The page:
Friday, December 31, 2010
After reading Brian Ashcraft's great book on the Japanese arcade gaming scene, I figured I'd like his next book on Japanese schoolgirl culture. It didn't disappoint.
Japanese Schoolgirl Confidential is a pretty deep dive on a number of different aspects of what can only be called a phenomena: The idolization, monetization, and 'fetishization' of the Japanese schoolgirl look and surrounding culture.
I picked this one up as an audio book for our recent ski-trip, looking for some different stuff that my wife and I would both enjoy. Enjoyed it somewhat, but I'm not putting it at the top of any lists.
Don't Get Too Comfortable: The Indignities of Coach Class, The Torments of Low Thread Count, The Never- Ending Quest for Artisanal Olive Oil, and Other First World Problems
Monday, December 20, 2010
Sunday, December 19, 2010
I have it on good authority that Mr Claus may be depositing an iPad under the tree for me on Xmas morn.
- Best Feedreader? (Would like it to sync feeds between PC/iPad/iPhone, allow offline viewing, set refresh frequency, etc. I've used RSSBandit and others in the past. Currently using IE8 because I like the Outlook integration, but I'm guessing it's not an option on iPad)
- Best eReader app? (Would like it to have top-notch typography, support for EPUB and other formats, bonus for PDF support, should be able to keep multiple bookmarks support for annotations and the like)
- Best document-sync apps? (I'm thinking of apps to let me view and/or edit Word & Powerpoint files off my PC)
- Best sketching/drawing app? (keeping in mind I'll have a stylus)
- Best notetaking/sketching/brainstorming app? (e.g. Onenote equivalent)
- Best GPS app?
- Best Browser? (Is the stock one sufficient?)
- Best Wikipedia client? (I use Wikiamo on iPhone - is there something better?)
- Best magazines/news site apps?
- Best cookbook-type apps?
- Best Twitter client/aggregator? (Yes, my opt-out experiment is over and I'll become a Twit in the new year)
- finally, recommendations on best stylus?
Thursday, December 16, 2010
My friend and former co-blogger & co-worker Vlad Cole has started a new blog where he's documenting 99 days of moving to an all-cloud model and using a Chrome OS laptop.
Vlad used to blog for Joystick, and we jointly worked on VGVC.net for a year. He's tech savvy, and definitely a guy that walks his talk, so it'll be a good experiment to follow:
The runtime rendering being done here doesn't look like anything that far beyond what we're seeing in other titles. However, the content authoring - combining a high-end mocap rig with recognizable actors and whats likely to be TONS of dialog - is clearly going to be a huge cost increase.
Monday, December 13, 2010
So, back in 2006, Microsoft did a deal with Burger King to do 3 BK-branded titles and distribute them with value meals at a nominal fee ($3.99). The fee aside, these were essentially free advertising-subsidized game titles for the console.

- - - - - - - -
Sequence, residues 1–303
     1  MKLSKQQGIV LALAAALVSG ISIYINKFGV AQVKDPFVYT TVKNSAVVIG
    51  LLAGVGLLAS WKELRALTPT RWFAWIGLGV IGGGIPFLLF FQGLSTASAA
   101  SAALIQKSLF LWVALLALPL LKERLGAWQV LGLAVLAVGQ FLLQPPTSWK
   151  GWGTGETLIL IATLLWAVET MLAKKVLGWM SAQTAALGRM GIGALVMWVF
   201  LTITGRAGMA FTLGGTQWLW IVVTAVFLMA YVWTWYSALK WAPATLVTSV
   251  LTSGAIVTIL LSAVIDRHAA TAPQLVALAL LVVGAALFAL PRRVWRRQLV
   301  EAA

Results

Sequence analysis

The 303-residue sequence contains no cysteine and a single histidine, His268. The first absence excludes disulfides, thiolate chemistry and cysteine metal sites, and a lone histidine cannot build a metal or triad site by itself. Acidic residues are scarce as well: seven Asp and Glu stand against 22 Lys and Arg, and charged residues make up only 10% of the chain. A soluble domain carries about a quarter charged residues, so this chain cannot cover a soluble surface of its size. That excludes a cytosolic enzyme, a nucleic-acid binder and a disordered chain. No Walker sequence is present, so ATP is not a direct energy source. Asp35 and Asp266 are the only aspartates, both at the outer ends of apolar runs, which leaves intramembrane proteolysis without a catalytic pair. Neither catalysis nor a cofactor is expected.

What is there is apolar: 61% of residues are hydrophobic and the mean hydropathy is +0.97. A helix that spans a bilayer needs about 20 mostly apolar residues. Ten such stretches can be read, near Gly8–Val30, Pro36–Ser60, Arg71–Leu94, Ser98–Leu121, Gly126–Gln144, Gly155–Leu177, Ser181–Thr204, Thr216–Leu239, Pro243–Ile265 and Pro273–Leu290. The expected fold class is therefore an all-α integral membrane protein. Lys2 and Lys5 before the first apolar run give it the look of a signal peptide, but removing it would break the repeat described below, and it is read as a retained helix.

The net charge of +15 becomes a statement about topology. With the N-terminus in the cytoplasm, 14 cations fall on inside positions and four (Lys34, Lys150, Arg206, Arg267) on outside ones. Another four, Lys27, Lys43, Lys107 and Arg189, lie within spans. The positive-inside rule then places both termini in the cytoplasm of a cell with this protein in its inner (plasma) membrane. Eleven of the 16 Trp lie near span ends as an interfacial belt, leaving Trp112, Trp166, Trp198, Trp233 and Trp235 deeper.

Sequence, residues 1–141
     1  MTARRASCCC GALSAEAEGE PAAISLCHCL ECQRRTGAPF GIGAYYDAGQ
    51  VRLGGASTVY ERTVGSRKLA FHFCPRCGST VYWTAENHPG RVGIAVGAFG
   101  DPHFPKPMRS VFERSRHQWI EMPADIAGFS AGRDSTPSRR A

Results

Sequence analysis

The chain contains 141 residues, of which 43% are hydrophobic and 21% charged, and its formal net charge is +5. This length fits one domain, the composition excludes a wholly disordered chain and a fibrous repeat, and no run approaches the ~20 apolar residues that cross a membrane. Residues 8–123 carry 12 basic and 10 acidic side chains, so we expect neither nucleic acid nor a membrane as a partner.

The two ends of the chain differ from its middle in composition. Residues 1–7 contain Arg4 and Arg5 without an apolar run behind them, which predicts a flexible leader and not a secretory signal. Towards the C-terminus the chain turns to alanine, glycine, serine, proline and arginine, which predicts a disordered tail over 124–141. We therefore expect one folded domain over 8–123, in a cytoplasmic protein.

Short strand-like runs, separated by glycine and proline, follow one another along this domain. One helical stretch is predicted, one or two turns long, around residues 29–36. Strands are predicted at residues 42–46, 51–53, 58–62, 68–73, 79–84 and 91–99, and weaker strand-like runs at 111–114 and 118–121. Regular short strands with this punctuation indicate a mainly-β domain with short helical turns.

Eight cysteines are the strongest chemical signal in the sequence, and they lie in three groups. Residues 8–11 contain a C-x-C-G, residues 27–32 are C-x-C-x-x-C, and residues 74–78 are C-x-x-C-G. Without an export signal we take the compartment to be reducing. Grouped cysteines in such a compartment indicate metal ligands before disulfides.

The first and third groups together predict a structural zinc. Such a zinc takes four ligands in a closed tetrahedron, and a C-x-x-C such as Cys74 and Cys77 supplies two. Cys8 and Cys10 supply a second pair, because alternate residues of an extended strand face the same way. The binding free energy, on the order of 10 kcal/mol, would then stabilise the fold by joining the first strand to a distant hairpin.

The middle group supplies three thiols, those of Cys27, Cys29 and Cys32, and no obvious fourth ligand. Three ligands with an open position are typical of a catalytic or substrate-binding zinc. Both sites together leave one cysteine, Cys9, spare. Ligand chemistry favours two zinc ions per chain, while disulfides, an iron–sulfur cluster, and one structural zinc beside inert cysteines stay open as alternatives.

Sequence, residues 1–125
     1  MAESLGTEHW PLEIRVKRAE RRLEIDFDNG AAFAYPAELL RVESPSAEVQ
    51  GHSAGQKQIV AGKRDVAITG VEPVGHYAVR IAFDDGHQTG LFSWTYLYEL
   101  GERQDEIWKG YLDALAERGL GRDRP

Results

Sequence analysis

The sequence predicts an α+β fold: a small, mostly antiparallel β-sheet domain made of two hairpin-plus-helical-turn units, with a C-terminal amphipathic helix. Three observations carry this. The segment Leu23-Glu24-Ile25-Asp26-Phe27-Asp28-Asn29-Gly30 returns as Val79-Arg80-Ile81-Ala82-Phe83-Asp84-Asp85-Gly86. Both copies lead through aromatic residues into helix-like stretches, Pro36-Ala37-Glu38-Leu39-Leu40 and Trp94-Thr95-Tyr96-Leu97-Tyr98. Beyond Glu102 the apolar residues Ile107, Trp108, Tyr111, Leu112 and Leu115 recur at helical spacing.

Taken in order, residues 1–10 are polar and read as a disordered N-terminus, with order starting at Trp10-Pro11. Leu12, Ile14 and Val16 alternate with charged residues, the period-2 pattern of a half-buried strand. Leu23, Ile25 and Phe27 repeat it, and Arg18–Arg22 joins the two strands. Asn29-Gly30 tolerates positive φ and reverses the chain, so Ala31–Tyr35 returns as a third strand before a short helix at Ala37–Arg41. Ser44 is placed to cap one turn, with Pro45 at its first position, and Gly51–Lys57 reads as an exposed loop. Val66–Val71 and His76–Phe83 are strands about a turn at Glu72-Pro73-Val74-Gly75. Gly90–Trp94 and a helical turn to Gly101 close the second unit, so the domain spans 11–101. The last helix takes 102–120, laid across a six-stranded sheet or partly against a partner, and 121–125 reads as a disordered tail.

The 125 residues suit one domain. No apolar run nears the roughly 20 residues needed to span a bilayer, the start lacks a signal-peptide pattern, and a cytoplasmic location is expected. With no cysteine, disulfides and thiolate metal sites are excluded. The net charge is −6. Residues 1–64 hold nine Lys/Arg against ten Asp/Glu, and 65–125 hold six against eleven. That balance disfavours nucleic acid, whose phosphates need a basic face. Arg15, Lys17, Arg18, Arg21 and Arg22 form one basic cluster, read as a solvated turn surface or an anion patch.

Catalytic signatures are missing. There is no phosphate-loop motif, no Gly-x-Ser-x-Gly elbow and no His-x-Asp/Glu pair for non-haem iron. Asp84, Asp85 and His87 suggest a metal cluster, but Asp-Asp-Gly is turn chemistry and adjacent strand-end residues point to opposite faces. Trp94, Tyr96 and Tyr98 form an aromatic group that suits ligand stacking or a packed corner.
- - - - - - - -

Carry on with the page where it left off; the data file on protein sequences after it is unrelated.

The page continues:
If only people don't assume that they get what they pay for.
Friday, December 10, 2010
I've been doing a lot of non-fic reading as of late, and so with a long flight giving me a reading opportunity (I spoke at GDC China in Shanghai last week), I picked up Boneshaker for the flight.
Thursday, December 9, 2010
I got pointers to a couple music videos doing some really nice kinetic typography. In the future all the examples here should be possible to do using HTML5 & related tech. (Would be a cool to see someone tack a crack at doing a Chrome Experiment at implementing the Shopvac video below in realtime).
Wednesday, December 1, 2010
Brian David Johnson is a fellow Intellite, though he works in group pretty distant from mine, we both have future-forecasting type roles.
- The book has numerous typos, grammatical, and technical/terminology errors. I'm not sure who proofed it, but being an Intel Press book I'd expect them to do a better job especially on the latter of these.
- There are places where Brian opts to "go deep" on how something might work, but stays at a high level powerpoint-ish description that hand-waves around a lot of the how, and so it's not clear these pieces actually add any value. (i.e. Just saying "assume this all works" is no less valuable than the approach of "you'd have to have Box A talk to Box B using a protocol - assume that just works".
- While some of the book talks about business models and business issues, the book is way too limited in this respect. Also, it doesn't talk about issues around intellectual property rights and how they will have impact (e.g. DMCA's impact on innovation).
- Brian has lined up some REALLY good interviews with folks in the book, from around the globe. Henry Jenkins, Stephen Conroy (Australian Senator revamping their broadband and broadcast policies), Amy Reinhard (Director of Strategic Planning at Paramount), and numerous others. Some of the riffing these folks do around the topic are alone worth the price of admission.*
- The book has a global perspective - and is not just US-only like other views on the entertainment business tend to be
- Despite my complaint about the under-served business discussion, the book does attempt to cross technical, business, and cultural boundaries, not just treating it as a technical subject.